Slowdowns In U.S And China Are A Worldwide Drag

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  • Slowdowns in the world’s two biggest economies — the United States and China — are likely to be larger than expected this year, dragging down the output on every continent and reducing global growth, a new report warned Tuesday.
  • With the pandemic entering its third year, a note of pessimism underlay the report. 
  • The dimmed economic prospects come at a time when governments have less room to manoeuvre in how they spend their money.
  • Public spending is unlikely to reach the same levels in the future.

A new analysis cautioned Tuesday that slowdowns in the world’s two largest economies, the United States and China, are likely to be bigger than projected this year, driving down the output on every continent and slowing global growth as reported by NWA Online.

Monetary policy

Higher inflation, supply chain chokepoints, and covid-related shutdowns and worker shortages continue to afflict rich and poor nations, the International Monetary Fund wrote in its latest World Economic Report.

“The global economy enters 2022 in a weaker position than previously expected,” the fund said in reducing its estimated global growth rate to 4.4% from the 4.9% it projected just three months ago.

The fund said the U.S. Federal Reserve’s tighter monetary policy and the failure of the Biden administration’s sweeping $2.2 trillion infrastructure and social policy package were among the reasons it reduced the U.S. growth forecast by 1.2 percentage points to 4%.

In China, which has powered much of the world’s growth in recent years, the fund pointed to the collapse of the real estate sector and the zero-covid policy that has restricted travel, shut businesses and reduced consumption.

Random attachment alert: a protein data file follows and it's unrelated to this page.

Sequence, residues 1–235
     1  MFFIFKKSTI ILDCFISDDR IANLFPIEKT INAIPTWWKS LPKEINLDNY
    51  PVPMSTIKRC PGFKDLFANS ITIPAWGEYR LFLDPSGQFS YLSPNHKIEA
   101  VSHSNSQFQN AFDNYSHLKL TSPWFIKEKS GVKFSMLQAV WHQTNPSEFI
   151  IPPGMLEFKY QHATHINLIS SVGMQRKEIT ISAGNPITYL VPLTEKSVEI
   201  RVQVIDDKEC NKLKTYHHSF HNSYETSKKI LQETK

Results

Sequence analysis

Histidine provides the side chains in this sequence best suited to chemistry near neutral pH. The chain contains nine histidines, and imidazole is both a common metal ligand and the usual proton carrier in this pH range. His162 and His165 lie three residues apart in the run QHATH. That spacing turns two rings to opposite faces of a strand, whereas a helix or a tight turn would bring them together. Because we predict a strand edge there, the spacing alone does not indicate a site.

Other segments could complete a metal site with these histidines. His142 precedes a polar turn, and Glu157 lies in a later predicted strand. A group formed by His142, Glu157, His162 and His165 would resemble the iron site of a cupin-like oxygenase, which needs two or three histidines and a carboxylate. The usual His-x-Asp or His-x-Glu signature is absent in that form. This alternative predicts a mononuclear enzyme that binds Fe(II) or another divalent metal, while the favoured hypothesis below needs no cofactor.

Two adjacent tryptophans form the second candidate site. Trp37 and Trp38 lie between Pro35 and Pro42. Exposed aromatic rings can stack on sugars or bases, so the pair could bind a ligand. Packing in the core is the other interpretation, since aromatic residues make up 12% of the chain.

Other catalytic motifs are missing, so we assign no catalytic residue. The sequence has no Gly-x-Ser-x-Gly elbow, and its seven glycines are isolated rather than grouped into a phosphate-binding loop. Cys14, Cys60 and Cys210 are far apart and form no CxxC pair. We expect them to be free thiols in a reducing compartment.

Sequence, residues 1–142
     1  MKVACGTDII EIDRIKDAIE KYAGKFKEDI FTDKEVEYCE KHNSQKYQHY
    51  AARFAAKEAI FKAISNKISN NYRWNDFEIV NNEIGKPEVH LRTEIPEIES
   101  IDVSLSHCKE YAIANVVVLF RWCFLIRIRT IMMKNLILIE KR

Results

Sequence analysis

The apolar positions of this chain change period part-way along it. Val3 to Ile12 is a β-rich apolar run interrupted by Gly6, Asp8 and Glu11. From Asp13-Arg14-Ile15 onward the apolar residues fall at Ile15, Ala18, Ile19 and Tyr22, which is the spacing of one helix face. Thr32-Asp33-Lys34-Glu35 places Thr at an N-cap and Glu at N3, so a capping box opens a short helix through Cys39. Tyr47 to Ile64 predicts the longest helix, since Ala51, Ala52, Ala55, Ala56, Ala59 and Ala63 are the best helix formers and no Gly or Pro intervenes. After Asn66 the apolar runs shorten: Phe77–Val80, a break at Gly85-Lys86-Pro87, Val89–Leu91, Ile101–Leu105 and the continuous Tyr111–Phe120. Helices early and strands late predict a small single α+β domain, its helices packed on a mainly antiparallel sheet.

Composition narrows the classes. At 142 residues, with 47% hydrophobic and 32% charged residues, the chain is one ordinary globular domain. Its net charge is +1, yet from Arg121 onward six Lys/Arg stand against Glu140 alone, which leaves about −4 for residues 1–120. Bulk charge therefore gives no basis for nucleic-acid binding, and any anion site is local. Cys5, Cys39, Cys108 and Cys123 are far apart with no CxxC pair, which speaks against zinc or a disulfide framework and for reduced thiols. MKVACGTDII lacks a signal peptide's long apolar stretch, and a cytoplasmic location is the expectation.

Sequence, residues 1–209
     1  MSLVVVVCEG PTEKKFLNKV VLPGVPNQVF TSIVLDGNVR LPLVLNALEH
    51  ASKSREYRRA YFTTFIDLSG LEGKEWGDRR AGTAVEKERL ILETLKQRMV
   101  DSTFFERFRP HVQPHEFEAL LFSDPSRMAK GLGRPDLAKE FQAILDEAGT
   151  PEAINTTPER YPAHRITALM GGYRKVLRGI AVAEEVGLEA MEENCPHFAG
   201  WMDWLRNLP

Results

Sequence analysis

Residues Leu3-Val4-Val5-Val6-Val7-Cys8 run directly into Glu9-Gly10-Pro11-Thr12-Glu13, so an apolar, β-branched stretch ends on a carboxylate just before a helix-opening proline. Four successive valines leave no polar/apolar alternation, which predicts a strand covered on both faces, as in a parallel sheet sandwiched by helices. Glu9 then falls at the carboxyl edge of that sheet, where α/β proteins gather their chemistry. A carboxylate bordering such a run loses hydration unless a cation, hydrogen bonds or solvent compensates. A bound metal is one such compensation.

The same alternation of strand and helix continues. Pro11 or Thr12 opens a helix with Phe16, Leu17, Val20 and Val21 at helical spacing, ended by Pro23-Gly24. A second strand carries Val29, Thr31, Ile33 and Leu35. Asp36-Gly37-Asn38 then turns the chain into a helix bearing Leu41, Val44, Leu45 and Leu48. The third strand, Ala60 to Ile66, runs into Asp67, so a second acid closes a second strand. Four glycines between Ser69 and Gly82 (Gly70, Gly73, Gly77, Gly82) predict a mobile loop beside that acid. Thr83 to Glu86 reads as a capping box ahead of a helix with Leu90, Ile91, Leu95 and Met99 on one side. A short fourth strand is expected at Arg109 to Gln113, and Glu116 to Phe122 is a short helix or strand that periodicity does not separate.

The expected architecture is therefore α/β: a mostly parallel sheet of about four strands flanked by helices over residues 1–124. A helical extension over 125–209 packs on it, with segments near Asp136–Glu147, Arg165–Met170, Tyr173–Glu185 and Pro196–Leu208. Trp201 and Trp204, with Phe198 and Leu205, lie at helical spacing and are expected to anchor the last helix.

The report reduced the country’s growth forecast by 0.8 percentage points to 4.8%.

Dimmed economic prospects

The fund emphasized that the forecast was subject to a high level of uncertainty — about the course of covid, the prospects of climate-related natural disasters, supply-chain disruptions and rising political tensions, particularly around Ukraine.

“Risks overall are to the downside,” Gita Gopinath, the first managing deputy director, said.

Global economic losses related to the pandemic will total $13.8 trillion by the end of 2024, Gopinath estimated.

The dimmed economic prospects come at a time when governments have less room to manoeuvre in how they spend their money.

Public spending is unlikely to reach the same levels in the future.

Real estate market

The slowdown in China, which is both a major supplier and buyer of goods traded with other countries, is also setting off reverberations around the world.

The once-exuberant real estate market has plunged.

The government has imposed the world’s most stringent restrictions and lockdowns to contain covid, and unexpected power outages have further hindered industrial production.

Gopinath of the IMF emphasized that however difficult the recovery has been in wealthier nations, emerging economies have been hit the hardest, with weak growth and low vaccination rates.

With 70 million more people living in extreme poverty than before the pandemic, the fund called for more international cooperation to work out debt relief for struggling nations as well as more equitable distribution of covid vaccines, tests and treatments.

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Source: NWA Online

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